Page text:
This device is a promise to our project. It could be used by trained people from the community, send the information to a medical hub where they process it and could give a response throughout a community doctor. In this way we could use this device as a mean to lower the heathcare costs, give coverage to that important percentage of the population (Accessibility) and still providing high quality health care.

Professor Hannan,

I have learned with your posts, and I am willing to learn a lot more!

Here in Venezuela we have clusters of health IT, mainly EHR on private practices / hospitals, but we lack of an IT system that integrates all the information.

I have dreamed to devise a Health IT system that begins with the birth certificate and ends with the death cetificate. In this system wherever the patient look for health services (public or private settings) the data could be added to his/her record. On this way everyone on the healthcare system with the proper authorization could have access to it. Among others this system should be designed to get epidemiological data (Epidemiological intelligence?) and thus be able to give the needed information to create public healthcare policies.

I know that this envisioned system will have many obstacles to overcome. But I keep figuring out how to create it.

Ronald Munjoma Replied at 10:00 AM, 21 Mar 2015

Hi Luis,

​Please have a look at http://health.gnu.org/​

​Gnu Health Supports these vital records:
http://en.wikibooks.org/wiki/GNU_Health/Vital_Records​

​The Jamaican Ministry of Health implementation of GNU Health shares
patient records across all the hospitals and clinics owned by the
government. ​

​Best and Regards
Ronald Munjoma

Leonard Davolio Replied at 3:14 PM, 22 Mar 2015

Luis and Ronald,

Thanks very much for sharing. I'm not expert in what's happening in the developing world regarding EMR tech but I'm very excited about what current IT architectures are making possible. The proliferation of mobile devices and more reliable networks makes synchronous and nearly synchronous communication possible and more simple standards for EMR data descriptions are showing early signs that they might to take hold (at least in the US - what happens with govt incentivized "Meaningful Use 3" will be pivotal). This means that the "brains" of an EMR system can be centrally hosted and light weight, "dumb" terminals (e.g., mobile phones, tablets, cheap laptops) can collect and receive data far more easily. No more traveling to install software on computers, supporting computers, hoping software versions are consistent, etc. $100 devices can be online in minutes, updated automatically, and easily swapped out. Meanwhile, more complex software can reside in a central location anywhere in the world, offering opportunities of scale.

For example, in our BetterBirth program in Uttar Pradesh India we have a growing army of public health officials capturing neonatal and maternal outcomes as well as birth attendant behaviors. The phones host software that is automatically updated / maintained from a central location. The data is communicated to an Amazon Web Services HIPAA-compliant instance (patient privacy protected). In Boston we host more complex reporting / analytics applications that turn the raw data into actionable insights that are shared with our field teams, Chief Medical Officers, govt officials, and birth attendants (custom views per user type). They can see how they did yesterday, last week, where do they need additional help, how did their patients fare, etc. It's not an EMR system but it has been very encouraging to see how quickly we've moved past so many of the limitations of the client-served architecture to something more lightweight, flexible, and cost-efficient. I believe it will be this model, with centralized, cloud-based intelligence and cheap, light-weight devices that will pave the way for the type of system you're looking for Luis.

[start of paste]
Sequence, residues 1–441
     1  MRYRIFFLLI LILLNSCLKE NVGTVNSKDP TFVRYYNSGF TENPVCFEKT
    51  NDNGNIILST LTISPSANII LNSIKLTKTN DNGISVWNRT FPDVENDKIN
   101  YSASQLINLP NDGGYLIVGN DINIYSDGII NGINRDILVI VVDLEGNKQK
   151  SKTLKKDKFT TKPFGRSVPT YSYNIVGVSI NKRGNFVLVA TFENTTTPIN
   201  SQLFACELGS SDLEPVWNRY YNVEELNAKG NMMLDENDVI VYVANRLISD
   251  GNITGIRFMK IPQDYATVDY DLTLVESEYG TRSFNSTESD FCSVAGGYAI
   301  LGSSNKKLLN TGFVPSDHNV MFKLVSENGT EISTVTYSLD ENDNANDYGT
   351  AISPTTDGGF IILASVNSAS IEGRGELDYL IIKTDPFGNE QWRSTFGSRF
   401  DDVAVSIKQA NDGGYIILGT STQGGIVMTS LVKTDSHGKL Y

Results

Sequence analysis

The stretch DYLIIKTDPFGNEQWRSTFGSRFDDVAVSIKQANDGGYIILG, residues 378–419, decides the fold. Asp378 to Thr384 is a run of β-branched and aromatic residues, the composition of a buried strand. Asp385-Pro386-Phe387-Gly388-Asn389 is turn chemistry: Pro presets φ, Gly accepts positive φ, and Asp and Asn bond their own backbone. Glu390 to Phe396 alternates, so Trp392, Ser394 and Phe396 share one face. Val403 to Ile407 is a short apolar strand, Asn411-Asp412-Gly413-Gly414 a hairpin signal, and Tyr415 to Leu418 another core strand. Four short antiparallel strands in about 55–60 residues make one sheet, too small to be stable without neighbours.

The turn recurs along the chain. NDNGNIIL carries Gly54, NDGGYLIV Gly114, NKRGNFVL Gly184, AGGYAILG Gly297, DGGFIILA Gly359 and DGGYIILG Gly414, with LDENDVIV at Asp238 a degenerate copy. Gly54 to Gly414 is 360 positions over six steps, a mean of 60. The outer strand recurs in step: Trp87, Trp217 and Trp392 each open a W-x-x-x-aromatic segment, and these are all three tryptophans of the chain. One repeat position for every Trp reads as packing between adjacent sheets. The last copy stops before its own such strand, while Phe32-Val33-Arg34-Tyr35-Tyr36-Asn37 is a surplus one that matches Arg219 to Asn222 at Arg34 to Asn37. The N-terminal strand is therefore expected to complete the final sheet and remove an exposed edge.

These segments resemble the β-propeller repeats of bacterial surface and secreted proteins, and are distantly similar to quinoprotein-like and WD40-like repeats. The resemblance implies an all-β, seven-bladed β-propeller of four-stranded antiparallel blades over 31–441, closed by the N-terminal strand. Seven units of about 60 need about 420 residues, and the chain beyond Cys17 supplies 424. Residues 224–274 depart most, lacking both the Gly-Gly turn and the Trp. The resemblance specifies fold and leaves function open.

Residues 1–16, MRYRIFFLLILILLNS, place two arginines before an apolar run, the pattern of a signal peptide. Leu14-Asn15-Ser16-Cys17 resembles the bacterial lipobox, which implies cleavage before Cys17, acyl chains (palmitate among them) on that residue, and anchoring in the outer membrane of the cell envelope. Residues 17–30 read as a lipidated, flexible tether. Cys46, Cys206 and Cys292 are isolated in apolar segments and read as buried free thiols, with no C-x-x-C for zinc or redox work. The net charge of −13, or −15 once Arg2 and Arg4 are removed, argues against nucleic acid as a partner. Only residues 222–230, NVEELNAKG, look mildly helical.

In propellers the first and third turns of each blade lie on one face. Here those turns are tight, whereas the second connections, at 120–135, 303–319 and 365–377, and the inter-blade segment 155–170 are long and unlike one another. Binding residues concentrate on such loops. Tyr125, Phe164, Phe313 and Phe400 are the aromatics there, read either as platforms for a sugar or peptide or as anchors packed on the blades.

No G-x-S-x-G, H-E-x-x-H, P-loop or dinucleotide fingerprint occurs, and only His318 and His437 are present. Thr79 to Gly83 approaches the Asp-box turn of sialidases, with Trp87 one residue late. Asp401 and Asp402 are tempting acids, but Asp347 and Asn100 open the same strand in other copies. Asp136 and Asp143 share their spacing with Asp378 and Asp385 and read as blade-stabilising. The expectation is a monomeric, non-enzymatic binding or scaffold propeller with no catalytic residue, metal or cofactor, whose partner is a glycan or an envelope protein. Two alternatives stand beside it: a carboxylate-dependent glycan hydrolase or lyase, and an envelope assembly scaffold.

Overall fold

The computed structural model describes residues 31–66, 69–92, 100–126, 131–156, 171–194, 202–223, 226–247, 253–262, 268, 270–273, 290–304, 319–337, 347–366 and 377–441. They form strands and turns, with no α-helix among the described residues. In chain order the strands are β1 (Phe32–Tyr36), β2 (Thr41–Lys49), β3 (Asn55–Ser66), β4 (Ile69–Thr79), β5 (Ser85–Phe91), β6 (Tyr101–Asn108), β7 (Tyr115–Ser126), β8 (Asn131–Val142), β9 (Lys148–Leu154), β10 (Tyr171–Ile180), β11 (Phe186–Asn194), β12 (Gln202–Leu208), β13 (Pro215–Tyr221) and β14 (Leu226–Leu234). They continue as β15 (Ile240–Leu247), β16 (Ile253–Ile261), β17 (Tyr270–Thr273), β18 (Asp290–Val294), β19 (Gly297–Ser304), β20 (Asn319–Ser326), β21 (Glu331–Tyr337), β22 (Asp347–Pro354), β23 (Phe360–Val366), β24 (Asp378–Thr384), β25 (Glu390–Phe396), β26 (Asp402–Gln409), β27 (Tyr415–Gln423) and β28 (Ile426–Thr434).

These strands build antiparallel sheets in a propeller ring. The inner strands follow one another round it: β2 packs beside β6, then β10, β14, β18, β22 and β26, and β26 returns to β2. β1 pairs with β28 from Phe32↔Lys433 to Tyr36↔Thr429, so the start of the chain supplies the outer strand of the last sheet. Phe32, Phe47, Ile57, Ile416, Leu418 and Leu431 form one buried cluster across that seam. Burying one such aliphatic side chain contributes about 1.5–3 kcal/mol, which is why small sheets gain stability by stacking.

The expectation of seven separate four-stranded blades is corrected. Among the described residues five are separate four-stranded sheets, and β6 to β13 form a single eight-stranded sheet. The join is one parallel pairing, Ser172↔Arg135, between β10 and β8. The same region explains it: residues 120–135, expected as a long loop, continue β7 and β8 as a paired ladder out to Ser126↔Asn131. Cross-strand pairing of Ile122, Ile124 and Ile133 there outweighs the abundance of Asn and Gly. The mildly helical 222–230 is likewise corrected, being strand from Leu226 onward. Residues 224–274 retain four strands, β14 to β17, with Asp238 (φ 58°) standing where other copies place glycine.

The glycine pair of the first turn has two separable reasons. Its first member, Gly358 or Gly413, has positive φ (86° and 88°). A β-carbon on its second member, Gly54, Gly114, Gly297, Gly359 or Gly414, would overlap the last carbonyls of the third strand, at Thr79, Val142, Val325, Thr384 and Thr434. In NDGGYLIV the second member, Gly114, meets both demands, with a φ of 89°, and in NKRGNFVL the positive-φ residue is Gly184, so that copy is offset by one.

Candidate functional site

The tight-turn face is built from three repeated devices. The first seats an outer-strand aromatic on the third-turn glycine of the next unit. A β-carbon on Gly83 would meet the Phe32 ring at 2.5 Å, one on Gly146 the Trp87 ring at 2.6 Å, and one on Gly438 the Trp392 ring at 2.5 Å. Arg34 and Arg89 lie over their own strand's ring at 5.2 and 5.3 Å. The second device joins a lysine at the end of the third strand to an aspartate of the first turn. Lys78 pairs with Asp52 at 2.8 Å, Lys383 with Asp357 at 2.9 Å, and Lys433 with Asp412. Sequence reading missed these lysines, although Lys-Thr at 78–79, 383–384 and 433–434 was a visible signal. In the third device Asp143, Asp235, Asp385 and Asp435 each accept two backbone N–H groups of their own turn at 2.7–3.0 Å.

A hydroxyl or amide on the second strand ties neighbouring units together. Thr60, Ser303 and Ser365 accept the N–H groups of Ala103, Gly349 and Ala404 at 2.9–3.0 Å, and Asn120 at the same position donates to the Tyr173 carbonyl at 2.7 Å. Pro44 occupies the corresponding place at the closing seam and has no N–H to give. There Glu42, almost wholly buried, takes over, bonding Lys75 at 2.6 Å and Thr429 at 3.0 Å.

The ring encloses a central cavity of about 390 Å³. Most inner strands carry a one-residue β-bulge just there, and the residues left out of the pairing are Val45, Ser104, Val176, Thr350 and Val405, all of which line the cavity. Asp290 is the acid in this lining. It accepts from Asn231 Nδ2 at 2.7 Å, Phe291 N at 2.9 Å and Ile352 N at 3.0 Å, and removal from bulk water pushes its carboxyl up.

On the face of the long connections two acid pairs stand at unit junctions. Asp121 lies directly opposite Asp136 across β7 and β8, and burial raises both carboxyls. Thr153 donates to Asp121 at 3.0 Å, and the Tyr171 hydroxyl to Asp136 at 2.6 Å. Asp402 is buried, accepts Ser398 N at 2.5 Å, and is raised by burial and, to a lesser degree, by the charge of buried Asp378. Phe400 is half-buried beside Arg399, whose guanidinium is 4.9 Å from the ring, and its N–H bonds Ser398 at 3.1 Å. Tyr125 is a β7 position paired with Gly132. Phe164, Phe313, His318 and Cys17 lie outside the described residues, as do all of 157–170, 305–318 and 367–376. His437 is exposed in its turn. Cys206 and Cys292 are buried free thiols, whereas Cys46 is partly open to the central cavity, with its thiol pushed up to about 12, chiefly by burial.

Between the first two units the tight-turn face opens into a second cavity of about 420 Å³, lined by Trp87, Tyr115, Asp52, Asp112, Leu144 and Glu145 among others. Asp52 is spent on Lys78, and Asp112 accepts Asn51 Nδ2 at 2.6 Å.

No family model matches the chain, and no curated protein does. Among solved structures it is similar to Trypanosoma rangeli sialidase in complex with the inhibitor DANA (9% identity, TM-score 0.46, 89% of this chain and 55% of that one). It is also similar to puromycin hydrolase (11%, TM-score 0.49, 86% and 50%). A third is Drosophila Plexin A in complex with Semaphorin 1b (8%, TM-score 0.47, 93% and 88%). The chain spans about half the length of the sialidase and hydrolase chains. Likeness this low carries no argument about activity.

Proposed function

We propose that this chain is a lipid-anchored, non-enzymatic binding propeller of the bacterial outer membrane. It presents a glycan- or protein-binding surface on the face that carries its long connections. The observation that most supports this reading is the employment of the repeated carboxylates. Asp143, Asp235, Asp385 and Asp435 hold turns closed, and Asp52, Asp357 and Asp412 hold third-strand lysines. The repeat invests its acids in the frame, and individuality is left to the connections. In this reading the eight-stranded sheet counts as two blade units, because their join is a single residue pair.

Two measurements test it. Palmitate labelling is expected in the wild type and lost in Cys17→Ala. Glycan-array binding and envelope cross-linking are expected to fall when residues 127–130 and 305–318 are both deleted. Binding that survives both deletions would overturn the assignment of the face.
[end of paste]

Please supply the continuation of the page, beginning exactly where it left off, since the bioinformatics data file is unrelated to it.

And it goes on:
I'm sure there are already examples / progress in this space. Please share!

Leonard Davolio Replied at 3:15 PM, 22 Mar 2015

correction, "a growing army of public health officials" should read "public health workers". Pardon the mistake

A/Prof. Terry HANNAN Moderator Replied at 4:33 PM, 22 Mar 2015

Leonard, you are right on the ball. I am not sure if you have seen the following.
1. MDRTB Pakistan: http://www.youtube.com/watch?v=1N8236ReWnM
2. IRDResearch Data visualization using Google Earth: http://www.youtube.com/watch?v=v-3lqG3hSYM
3. MiDoctor: www.ehs.cl / http://www.youtube.com/watch?v=Kxs6SESydA4

Leonard Davolio Replied at 9:44 PM, 22 Mar 2015

Excellent! Thanks for sharing Terry

Luis Azpurua Replied at 11:30 AM, 23 Mar 2015

Ronald,

Thanks a lot for your comment. I'll take a look of the Jamaican Health IT

Leonard and Prof. Hannan, thank you for your comments. I agree with you that the mobile technology is the most available to everyone and maybe the cheaper one. On this we have to aim our efforts. The next step is using the mobile phone as diagnostic tool.

It may sound weird what I am going to say, Do you remember Dr. Spock of the Star Trek saga? He had a little device in which he could make a diagnosis without invading the patient (as I remember!). Are we getting closer to this kind of technology nowadays?

Regards,

David Aylward Replied at 4:29 PM, 23 Mar 2015

Luis: the XPrize Foundation and Qualcomm have initiated the Tricorder
Challenge to replicate Mr. Spock's magic device -- for real. Lots more
information at this link: http://tricorder.xprize.org/

Luis Azpurua Replied at 5:12 PM, 23 Mar 2015

David: thanks a lot for the information!

Well, I'm smiling because when I wrote the comment I thought I was pushing too much the boundary of the imagination...

Creativity and innovation have no limits

Derek Ritz Replied at 12:44 AM, 24 Mar 2015

OK... I'm sorry to have to make such picky and small contribution to the discussion... but it was Bones (Dr. McCoy), not Spock. Once a Trekker... :-)

David Aylward Replied at 8:22 AM, 24 Mar 2015

Ritz: once a techie . . .